• Robert Ewing - The passing storm I am intrigued by the elusive qualities of landscape, those mysterious aspects that appear to be immediately recognisable yet never fully understood.  I like the perspective and palette of this highly stylised painting.  The style reminds me somewhat of the works of Eric Ravilious
  • Alix Fairbairn - William Street aglow  This painting is one of a series of twilight street scenes. I am enchanted by that brief phase in the evening, during which the urban landscape takes on a strange, almost fairytale quality.  I do wish they'd give media and sizes for the images.  This ones looks to me like it's a very saturated watercolour - in which case it's quite a painting.  However it could be an acrylic - in which case I'd be less impressed with its technical competence.  That said it's a very technical painting which has maintained control over perpsective and colour balance
  • Juan Ford - Whitewash  Pouring paint on native flora is an absurd act, analogous to the way that mere painted representations of our landscape are absurd.  I take it this is a statement piece by an artist with a long track record of exhibitions and prizes?  I think this is oil paint on a plant rather than oil on linen (as his other paintings of plants are - but I could be wrong. (where are those media descriptions?)
  • Graham Fransella - River track My painting River track is a distillation of my experiences flying over the Northern Territory viewing river paths in the landscape and from a recent trip to the Kimberleys after the extreme floods in 2011.  This is a watercolour and it reminds me of my geomorphology studies.
  • Neil HaddonGrafting landscape (West Hobart) Grafting landscape (West Hobart) is one of a series of works that looks at migration to and from Tasmania, all of which attempt to convey a sense of the emotional implications of leaving a place of deeply felt connection.  A painting with an anthropological feel to it - with psychological roots.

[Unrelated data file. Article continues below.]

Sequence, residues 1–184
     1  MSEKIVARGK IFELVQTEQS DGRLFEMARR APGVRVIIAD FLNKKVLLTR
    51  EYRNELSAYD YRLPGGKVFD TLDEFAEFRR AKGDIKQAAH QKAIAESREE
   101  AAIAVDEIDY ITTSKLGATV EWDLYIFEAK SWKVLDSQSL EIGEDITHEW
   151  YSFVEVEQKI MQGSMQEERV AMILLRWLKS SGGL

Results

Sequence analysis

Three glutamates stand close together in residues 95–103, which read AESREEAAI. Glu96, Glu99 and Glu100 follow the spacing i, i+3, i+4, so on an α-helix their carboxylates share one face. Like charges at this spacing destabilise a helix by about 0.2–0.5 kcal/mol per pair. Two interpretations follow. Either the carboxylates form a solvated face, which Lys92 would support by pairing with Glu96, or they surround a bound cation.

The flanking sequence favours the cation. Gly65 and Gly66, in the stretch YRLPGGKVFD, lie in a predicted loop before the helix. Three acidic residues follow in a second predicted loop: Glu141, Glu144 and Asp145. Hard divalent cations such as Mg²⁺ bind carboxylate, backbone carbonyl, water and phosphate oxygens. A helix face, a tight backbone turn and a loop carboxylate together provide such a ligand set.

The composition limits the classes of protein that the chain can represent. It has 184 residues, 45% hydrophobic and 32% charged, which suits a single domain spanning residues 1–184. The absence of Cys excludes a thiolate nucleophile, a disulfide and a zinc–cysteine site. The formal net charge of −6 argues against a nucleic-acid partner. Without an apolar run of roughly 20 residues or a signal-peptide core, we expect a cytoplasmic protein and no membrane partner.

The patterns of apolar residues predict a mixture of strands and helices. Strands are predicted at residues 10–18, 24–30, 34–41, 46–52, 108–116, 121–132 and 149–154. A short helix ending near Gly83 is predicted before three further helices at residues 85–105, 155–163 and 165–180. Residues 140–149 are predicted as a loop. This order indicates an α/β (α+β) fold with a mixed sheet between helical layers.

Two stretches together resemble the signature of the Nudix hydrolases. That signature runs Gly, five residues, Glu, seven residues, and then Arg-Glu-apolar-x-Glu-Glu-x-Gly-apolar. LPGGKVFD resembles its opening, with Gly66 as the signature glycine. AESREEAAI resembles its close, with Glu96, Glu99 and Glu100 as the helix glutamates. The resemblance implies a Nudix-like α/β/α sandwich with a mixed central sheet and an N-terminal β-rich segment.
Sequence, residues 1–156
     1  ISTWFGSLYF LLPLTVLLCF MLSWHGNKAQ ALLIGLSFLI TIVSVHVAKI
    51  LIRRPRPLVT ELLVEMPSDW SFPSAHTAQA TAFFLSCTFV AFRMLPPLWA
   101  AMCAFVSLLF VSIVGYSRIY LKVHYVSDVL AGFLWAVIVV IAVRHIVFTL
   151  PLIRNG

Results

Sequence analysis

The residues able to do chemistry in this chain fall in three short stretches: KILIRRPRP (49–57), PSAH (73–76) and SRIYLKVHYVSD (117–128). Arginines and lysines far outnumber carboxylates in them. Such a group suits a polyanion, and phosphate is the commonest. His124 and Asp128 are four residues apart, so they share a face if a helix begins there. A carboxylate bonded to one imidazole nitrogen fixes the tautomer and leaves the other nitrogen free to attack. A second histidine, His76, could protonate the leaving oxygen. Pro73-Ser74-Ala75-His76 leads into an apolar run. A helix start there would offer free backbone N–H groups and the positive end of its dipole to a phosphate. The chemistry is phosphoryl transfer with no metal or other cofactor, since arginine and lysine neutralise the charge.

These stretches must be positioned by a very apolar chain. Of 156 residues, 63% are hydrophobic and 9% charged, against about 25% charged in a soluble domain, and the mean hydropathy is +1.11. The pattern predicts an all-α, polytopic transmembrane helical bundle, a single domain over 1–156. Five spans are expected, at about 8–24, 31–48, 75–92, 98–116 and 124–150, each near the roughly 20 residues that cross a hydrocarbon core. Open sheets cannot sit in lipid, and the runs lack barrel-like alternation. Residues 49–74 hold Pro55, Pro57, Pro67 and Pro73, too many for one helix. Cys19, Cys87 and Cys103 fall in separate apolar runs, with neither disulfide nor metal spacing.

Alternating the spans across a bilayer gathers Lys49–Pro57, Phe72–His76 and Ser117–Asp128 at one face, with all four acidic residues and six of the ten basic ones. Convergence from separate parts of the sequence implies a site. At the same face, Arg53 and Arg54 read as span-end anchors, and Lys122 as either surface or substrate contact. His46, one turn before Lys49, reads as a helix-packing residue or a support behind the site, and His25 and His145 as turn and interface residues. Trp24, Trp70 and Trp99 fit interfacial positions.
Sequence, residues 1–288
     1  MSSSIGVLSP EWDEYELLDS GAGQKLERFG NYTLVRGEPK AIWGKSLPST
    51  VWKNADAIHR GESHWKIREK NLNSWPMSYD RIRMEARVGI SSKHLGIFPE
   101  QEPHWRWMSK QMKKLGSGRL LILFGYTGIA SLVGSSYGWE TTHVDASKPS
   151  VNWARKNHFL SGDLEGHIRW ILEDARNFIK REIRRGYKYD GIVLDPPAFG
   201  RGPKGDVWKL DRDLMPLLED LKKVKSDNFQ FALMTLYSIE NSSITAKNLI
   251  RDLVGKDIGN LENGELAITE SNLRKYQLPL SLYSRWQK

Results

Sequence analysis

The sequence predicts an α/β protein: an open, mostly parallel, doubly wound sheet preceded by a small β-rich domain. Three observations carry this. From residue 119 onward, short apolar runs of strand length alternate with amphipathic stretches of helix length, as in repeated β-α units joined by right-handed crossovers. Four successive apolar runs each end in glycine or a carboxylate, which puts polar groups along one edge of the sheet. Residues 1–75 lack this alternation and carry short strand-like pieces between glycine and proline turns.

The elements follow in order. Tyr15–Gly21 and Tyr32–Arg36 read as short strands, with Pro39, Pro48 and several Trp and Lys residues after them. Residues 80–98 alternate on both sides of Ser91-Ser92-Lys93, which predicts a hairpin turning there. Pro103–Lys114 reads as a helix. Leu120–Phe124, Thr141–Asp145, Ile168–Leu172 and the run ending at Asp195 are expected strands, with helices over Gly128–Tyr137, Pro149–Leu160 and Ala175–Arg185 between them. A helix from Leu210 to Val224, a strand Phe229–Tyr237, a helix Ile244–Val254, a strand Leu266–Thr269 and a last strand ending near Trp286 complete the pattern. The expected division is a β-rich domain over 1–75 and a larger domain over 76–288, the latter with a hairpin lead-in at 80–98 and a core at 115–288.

• Camille HannahAustramythicus – paternus  The title Austramythicus – paternus is fictional, and refers to a ‘brand and tag’ notion of Australia as a European species, evolved from pastoral capitalism since European settlement.  I get the concept but I don't get the painting.
  • Nicholas HardingPandanus 2012 Immigrating to Australia as a boy, I initially experienced a sense of displacement and sought ways of engaging with my new domicile’s landscape.
  • Tim Johnson - Observatory Hill  Using Observatory Hill as a starting point, this painting maps landmarks and places of interest around Sydney.  I rather like this one - it's a new way of seeing which I should prove to be very accessible - and interesting - to a lot of people.  The colours are also optimistic and joyful - it is this a "feel good" painting?  Do click through to the largest size of this image - it really is lots of little coloured dots.

  • Jasper KnightThe woods themselves I chose this subject because this is the area I grew up in and this to me is Sydney.  Read the rest of the narrative - I'm struggling with the connection between the subject matter and the title.  000